BrainPOP Science Lessons That Bring the Periodic Table to Life
“Why does the water go up when I do a cannonball into a pool? Can you unbake a cake? Why did the marshmallow melt in my cup of hot chocolate?”
Kids ask a lot of interesting, and sometimes mind boggling, questions. What many of them don’t realize is that most of the answers they’re looking for lead to science. Science is everywhere. From the wheels on their skateboard to the water droplets on their soda can.
However, making that connection for students is easier said than done. When they see the periodic table displayed in your classroom, they may see a chart of important information, not necessarily the building blocks of the world around them. So, how do we make it more relevant for them?
Bringing science to life in the classroom
That’s why every BrainPOP Science investigation starts with an engaging guiding question to spark curiosity about things middle school students interact with everyday. Yes, even the elements on the periodic table. Throughout each investigation, students explore interactive resources, record their observations, and construct scientific arguments based on evidence.
They do this by using a built-in Claim-Evidence-Reasoning (CER) framework. CER is a structured approach to scientific writing where students collect data about real-world phenomena to form their own conclusions–all while strengthening critical-thinking and writing skills.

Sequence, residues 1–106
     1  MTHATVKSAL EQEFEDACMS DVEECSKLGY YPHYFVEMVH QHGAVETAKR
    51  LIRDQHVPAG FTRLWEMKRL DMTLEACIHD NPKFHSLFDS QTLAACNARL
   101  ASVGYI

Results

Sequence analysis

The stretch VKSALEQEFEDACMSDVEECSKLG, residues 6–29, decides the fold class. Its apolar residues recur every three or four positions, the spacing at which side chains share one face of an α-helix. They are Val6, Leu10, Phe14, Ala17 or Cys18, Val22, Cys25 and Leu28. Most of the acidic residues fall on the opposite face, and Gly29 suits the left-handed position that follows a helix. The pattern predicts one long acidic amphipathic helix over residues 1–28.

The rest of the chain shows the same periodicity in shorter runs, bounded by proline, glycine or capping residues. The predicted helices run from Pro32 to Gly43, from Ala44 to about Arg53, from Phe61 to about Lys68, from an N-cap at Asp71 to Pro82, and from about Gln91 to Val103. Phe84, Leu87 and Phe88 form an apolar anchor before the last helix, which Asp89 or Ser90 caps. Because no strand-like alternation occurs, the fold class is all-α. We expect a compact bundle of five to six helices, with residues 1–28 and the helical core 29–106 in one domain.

5 “elemental” investigations to start
Identify patterns in the arrangement of elements in the periodic table by the number of protons and valence electrons within its atoms, which determine many of an element’s properties.
Solids, Liquids, and Gases
Learn about the molecular movement and arrangement of molecules in solids, liquids, and gases. By the end of this investigation, students will be able to determine whether a volcanic eruption involves all three states of matter and if the molecules of any of these states move faster than others?
Students recognize that most of Earth is composed of a limited portion of the finite number of elements that exist and make up all matter and answer the question: Are we all made of “star stuff”?
Observe a chemical reaction that occurs when a cake is baked in the oven. To investigate what happens when a chemical reaction occurs, students use the “Molecules: Chemical Reactions” simulation to model the atomic rearrangements that occur during chemical reactions. Then, they watch the Property Changes movie to learn how these processes relate to changes in chemical properties in order to explain the irreversibility of baking a cake.
Use simulations and a BrainPOP movie to explore the chemical composition of water. Students learn about the subatomic particles of an atom and how atoms and molecules combine by forming chemical bonds. By the end of this investigation, students will be able to answer: how do hydrogen and oxygen combine to form water?
Go beyond that periodic table poster and show your middle schoolers that science truly is everywhere.
Jordan Bremus-Wyles is the social media lead at BrainPOP, with a Bachelor’s in English and Journalism. She is a youth advocate and mom of two.